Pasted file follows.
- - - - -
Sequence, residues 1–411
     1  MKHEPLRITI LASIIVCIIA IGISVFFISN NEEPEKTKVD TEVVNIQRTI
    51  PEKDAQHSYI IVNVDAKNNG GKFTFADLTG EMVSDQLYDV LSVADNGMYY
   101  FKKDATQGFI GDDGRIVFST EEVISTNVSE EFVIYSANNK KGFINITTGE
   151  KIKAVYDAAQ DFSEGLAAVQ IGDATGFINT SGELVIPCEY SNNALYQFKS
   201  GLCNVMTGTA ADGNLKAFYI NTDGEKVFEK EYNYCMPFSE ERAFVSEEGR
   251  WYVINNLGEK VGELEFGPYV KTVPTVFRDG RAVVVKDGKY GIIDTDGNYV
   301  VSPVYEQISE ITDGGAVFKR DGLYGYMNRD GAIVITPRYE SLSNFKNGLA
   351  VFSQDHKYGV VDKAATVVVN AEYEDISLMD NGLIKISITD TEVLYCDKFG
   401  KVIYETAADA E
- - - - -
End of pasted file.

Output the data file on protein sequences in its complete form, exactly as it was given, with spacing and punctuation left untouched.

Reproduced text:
Sequence, residues 1–411
     1  MKHEPLRITI LASIIVCIIA IGISVFFISN NEEPEKTKVD TEVVNIQRTI
    51  PEKDAQHSYI IVNVDAKNNG GKFTFADLTG EMVSDQLYDV LSVADNGMYY
   101  FKKDATQGFI GDDGRIVFST EEVISTNVSE EFVIYSANNK KGFINITTGE
   151  KIKAVYDAAQ DFSEGLAAVQ IGDATGFINT SGELVIPCEY SNNALYQFKS
   201  GLCNVMTGTA ADGNLKAFYI NTDGEKVFEK EYNYCMPFSE ERAFVSEEGR
   251  WYVINNLGEK VGELEFGPYV KTVPTVFRDG RAVVVKDGKY GIIDTDGNYV
   301  VSPVYEQISE ITDGGAVFKR DGLYGYMNRD GAIVITPRYE SLSNFKNGLA
   351  VFSQDHKYGV VDKAATVVVN AEYEDISLMD NGLIKISITD TEVLYCDKFG
   401  KVIYETAADA E